How can we tell sad stories? Whether in conversation, in therapy, in writing, or otherwise, this can be a terrifying task.

I think the characteristics of Christ described in Hebrews 12 have something to say about this. Here, the apostle Paul advises “looking unto Jesus, the author and finisher of our faith, who for the joy that was set before Him endured the cross, despising the shame, and has sat down at the right hand of the throne of God.”

God is Author. God is the Author of the Universe. He got the Story of life started, making it very “good” (Genesis 1). But his protagonists, Adam and Eve, faced the conflict of being deceived, tempted, disobedient, and ultimately separated from God.

It’s important to note that God isn’t the cause of the conflict any more than J.K. Rowling was the murderer of Harry Potter’s parents (she wasn’t; Voldemort was). Rather, God is the author of our stories, meaning they’re holy stories. Happy? No, not always. But holy? Yes. 

God is Finisher. I might even take a little poetic license and say that God is Editor. He doesn’t just throw words on a page (like I sometimes do). He doesn’t just give us life and then leave us alone to live it. Rather, He works on stories to make them sanctified, redeemed, used for good in time. As Joseph put it, talking to his brothers in Genesis 50:20, “you intended to harm me, but God intended it for good to accomplish what is now being done, the saving of many lives.”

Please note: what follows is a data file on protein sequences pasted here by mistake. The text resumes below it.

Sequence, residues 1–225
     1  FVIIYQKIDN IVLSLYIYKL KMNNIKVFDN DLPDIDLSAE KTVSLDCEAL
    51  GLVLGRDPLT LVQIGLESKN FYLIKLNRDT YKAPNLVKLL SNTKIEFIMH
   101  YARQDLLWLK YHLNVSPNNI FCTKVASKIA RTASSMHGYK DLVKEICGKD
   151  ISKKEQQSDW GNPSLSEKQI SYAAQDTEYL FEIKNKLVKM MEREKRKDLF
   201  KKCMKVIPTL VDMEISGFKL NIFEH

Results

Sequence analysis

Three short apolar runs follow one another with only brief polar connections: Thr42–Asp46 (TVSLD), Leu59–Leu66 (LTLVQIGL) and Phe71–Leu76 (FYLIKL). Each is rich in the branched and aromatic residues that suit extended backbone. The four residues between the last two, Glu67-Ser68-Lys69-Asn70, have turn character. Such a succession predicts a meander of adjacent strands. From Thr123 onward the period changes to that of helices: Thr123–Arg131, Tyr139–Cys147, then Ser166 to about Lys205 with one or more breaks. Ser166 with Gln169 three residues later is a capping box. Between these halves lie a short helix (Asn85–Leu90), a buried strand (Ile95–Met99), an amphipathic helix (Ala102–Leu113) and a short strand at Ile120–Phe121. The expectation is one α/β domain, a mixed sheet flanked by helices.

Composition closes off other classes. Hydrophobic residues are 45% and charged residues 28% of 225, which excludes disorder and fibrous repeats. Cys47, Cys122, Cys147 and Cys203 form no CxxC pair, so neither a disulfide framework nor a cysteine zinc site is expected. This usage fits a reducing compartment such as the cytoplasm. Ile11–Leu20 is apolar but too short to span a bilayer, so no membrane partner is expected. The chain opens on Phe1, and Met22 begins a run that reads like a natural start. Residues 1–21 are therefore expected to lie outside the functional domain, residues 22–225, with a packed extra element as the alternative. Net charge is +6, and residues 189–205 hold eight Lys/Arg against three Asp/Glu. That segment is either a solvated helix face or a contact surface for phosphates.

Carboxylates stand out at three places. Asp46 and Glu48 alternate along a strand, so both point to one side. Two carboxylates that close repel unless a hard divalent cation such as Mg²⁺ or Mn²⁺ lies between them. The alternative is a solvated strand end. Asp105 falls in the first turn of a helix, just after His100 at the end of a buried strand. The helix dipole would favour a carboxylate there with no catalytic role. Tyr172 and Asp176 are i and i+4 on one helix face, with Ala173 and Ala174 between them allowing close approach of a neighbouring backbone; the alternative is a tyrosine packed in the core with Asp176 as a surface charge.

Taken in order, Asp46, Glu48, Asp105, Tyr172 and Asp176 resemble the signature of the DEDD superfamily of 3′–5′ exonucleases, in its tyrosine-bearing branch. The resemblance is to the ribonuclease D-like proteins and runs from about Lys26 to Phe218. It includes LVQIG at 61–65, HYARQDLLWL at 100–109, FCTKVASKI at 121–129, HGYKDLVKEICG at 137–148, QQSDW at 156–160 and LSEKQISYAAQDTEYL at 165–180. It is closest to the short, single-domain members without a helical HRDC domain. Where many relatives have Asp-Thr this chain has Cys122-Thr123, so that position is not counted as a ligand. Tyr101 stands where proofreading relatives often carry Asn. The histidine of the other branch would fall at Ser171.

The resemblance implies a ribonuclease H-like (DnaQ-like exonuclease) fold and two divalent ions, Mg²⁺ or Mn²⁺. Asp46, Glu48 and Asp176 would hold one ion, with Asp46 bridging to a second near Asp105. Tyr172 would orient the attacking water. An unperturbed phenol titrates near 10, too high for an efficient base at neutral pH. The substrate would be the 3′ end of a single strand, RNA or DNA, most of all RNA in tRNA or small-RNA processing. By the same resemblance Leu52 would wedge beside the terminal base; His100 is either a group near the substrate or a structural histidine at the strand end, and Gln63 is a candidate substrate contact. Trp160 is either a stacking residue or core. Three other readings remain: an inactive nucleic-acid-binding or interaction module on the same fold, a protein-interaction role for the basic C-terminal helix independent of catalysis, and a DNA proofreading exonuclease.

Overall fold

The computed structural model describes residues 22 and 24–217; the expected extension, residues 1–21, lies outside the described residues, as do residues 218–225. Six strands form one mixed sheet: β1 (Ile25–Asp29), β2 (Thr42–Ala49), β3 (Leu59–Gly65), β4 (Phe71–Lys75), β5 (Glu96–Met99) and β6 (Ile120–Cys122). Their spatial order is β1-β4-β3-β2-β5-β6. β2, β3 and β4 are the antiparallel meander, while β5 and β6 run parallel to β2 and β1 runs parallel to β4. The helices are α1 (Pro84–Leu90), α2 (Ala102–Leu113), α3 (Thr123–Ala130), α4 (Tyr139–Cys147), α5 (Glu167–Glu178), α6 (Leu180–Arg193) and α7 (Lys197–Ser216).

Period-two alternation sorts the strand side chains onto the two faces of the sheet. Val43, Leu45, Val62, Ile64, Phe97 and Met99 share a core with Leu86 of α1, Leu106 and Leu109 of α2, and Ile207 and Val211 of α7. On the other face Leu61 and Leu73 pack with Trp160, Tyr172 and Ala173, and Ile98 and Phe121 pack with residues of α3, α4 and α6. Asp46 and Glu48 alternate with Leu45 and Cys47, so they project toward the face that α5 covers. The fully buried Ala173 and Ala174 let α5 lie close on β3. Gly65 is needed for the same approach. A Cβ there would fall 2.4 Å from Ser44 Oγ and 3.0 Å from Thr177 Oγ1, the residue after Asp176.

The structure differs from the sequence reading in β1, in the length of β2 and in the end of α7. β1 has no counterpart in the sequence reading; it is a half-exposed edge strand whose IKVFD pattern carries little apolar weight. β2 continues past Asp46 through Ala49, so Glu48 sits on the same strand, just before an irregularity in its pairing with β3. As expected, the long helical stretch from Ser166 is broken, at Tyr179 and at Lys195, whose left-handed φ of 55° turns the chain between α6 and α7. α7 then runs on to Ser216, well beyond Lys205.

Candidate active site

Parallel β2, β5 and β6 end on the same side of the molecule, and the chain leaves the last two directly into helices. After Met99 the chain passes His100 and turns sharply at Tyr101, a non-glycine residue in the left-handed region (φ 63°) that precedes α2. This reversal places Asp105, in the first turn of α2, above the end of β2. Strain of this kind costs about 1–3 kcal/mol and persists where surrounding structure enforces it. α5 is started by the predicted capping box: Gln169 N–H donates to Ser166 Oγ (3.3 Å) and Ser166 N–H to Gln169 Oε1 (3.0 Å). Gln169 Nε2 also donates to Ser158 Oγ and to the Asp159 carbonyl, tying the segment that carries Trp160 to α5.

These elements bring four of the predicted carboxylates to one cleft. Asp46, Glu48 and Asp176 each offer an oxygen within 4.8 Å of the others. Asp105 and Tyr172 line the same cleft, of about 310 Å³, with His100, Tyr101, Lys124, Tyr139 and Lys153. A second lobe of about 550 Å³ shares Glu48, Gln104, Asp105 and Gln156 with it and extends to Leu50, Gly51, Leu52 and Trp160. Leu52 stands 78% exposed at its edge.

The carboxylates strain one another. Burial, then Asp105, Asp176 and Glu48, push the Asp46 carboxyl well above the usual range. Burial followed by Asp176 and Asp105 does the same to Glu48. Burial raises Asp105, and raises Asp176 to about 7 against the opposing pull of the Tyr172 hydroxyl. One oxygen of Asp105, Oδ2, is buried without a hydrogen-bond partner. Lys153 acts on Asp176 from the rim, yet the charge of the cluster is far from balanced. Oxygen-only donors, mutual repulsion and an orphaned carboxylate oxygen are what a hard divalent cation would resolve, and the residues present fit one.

Christ was unashamed. Even on the cross, having been betrayed, mocked, whipped, and crucified, he “despised” (alternatively translated as disregarded, ignored, or scorned) the shame. Perhaps followers of Christ, following in his example and filled with his strength, should despise shame too.

God is  alive. Because Christ rose from the dead, ascended into heaven, and “sat down at the right hand of the throne of God,” he is still alive (Hebrews 12:2, Nicene Creed). What’s more, he sent the Holy Spirit to be Helper/Advocate/Counselor, dwelling with us and in us (John 14).

When we have to tell sad stories, we can remember:

  1. Our stories are holy.
  2. Our stories are useful.
  3. We don’t need to be ashamed.
  4. God is with us and in us.


If none of those things seem true, we can look — look for holiness, for ways to make our stories useful, for reasons to be unashamed or for confidantes with whom we can be unashamed, and for God’s abiding presence.

I’ll be looking. I hope you will too.